Ferrari metalwoods: For those who can't buy the car

A redheaded Ferrari golf driver (Ferrari is famous for its red cars) will carry a suggested retail price of $2,000.

Stuck without a spare $250,000 for a Ferrari Spider automobile? One alternative: a Ferrari golf metalwood, the product of a new collaboration between Ferrari and Cobra Puma Golf.

New Ferrari cars can be found in the $250,000 to $350,000 price range, and the alliance between Ferrari and Cobra Puma has produced some high-priced items of its own.

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A redheaded Ferrari golf driver (Ferrari is famous for its red cars) will carry a suggested retail price of $2,000. The price tag for a Ferrari Luxury Bag will be $2,400. The leather used for the bag is the same kind used for the seats in Ferrari GT cars.

All the Ferrari-Cobra Puma products will be available in July, including apparel such as $120 polo shirts and $250 jackets patterned after the interior of a Ferrari car.

Shoes, which are the nucleus of the Puma empire, will sell for $600 and are handcrafted in Italy with full-grain leather upper and sole. The stitching is designed after a Ferrari interior.

This isn’t the first collaboration between car companies and golf. Carmakers have prominently associated themselves with professional golf tournaments for more than 50 years.

Buick first stepped into the golf spotlight with the Buick Open in 1958, and many other carmakers followed. BMW, Cadillac, Chrysler, Ford, Honda, Hyundai, Jeep, Lexus, Mercedes Benz, Nissan and Oldsmobile are among the car manufacturers who have been involved in the sponsorship of big-league tournaments.

In recent years, some carmakers have decided to team up with major golf club manufacturers, placing their names and logos on high-tech clubs.

Porsche and TaylorMade teamed up in 2006, producing a Porsche Design collection that included an adjustable driver with six different weight plugs.

Lamborghini and Callaway unveiled a partnership in 2010, with the companies combining research capabilities to produce a form of carbon fiber called Forged Composite. This material is used by Callaway in its multi-material Razr Fit drivers.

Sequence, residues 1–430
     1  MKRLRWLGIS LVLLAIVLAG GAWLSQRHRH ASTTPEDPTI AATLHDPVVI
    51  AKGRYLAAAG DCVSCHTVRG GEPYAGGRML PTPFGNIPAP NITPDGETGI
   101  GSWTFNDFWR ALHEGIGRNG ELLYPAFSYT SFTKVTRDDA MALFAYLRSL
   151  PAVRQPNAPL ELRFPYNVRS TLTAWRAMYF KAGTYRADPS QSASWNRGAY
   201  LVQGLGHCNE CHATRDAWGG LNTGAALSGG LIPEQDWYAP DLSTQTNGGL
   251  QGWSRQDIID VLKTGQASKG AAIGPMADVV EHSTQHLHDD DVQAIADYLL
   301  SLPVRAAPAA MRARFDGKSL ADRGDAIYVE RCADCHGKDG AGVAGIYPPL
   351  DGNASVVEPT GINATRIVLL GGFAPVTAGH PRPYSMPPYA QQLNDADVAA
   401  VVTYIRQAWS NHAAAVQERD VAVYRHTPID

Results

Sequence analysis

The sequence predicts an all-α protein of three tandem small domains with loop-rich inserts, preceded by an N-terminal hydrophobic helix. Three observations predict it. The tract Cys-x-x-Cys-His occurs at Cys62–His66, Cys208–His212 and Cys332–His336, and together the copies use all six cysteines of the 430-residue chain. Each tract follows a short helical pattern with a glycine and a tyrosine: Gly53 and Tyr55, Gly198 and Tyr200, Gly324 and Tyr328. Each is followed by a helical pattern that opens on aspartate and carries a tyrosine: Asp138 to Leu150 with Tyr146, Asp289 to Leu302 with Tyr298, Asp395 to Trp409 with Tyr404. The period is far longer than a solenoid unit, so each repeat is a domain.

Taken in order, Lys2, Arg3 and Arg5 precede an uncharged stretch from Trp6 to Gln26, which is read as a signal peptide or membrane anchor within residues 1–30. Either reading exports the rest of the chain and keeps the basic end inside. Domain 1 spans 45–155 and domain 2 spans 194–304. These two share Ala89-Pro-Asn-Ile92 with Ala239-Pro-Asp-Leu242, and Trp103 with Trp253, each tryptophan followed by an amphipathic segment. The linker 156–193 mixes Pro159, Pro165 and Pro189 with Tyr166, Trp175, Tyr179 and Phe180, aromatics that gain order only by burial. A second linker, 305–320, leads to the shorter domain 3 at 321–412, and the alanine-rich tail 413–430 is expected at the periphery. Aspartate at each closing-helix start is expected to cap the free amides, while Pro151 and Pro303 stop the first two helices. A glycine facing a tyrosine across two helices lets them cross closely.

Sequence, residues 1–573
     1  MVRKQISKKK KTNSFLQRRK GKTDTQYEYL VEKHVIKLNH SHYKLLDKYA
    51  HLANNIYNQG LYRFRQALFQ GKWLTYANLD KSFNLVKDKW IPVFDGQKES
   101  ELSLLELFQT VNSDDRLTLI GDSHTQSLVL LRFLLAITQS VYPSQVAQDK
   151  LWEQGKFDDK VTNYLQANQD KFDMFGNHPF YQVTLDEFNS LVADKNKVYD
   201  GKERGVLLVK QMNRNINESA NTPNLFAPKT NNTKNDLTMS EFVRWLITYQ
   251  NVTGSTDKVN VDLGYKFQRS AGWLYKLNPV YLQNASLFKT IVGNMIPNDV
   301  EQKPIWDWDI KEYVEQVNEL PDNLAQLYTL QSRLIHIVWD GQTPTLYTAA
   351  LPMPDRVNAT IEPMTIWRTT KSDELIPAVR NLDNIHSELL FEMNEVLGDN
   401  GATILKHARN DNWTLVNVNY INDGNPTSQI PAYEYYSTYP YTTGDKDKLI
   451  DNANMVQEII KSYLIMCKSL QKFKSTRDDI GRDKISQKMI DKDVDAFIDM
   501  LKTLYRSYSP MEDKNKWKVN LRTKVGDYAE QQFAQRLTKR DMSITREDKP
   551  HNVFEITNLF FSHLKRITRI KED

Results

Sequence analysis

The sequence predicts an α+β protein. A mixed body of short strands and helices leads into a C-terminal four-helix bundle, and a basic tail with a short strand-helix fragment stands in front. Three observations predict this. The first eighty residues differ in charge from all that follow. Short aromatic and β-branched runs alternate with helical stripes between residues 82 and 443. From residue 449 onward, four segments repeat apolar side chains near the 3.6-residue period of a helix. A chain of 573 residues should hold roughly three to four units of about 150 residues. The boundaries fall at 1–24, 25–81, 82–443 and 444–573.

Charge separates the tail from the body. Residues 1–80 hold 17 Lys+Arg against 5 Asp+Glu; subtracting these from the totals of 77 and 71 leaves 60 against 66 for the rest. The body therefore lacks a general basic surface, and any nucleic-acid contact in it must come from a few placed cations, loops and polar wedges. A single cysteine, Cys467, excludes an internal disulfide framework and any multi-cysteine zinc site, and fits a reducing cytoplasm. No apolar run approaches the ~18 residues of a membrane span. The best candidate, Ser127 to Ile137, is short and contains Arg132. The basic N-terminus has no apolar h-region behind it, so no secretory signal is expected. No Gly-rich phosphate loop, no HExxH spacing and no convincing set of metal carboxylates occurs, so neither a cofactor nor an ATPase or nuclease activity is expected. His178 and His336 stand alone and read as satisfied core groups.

On May 27, while the Indianapolis 500 was being run, officials of Cobra Puma Golf were preparing for a June 1 announcement of this partnership with legendary automobile company Ferrari.

The alliance between Puma and Ferrari goes back to 2004, but Cobra is adding a golf element to the relationship.

Ferrari’s famous prancing-horse logo will be available to consumers on golf clubs, shoes, apparel and accessories from Cobra Puma Golf, starting July 1 (www.ferrarigolfcollection.com).

“This is a true marriage of art and science,” Cobra president Bob Philion said. “Not only is it a luxury golf collection, but it will also provide us with a halo effect across Cobra Puma Golf.”

The multi-material driver, which uses Cobra’s ZL technology along with new aerodynamics, is the only golf club in the initial release of products from Cobra Puma and Ferrari. Other clubs will follow.

“This is a long-term partnership,” Philion said. “The important thing for us was to have a 360 package for that high-end consumer. This is attention to detail to the max (such as kangaroo leather golf grips from Australia).

“It is very exciting to me that our design team and their engineers are working together. They are doing a lot of the same things with cars that we are trying to do with golf clubs -- such as light weight and superb aerodynamics.”

Tom Preece, Cobra’s lead club designer, has spent a considerable amount of time at Ferrari’s Maranello, Italy, headquarters to maximize the benefits of the collaboration.

Ian Poulter will be Cobra Puma’s poster boy in this project, and Philion promises “more exciting news to come” in this newest union of cars and golf.

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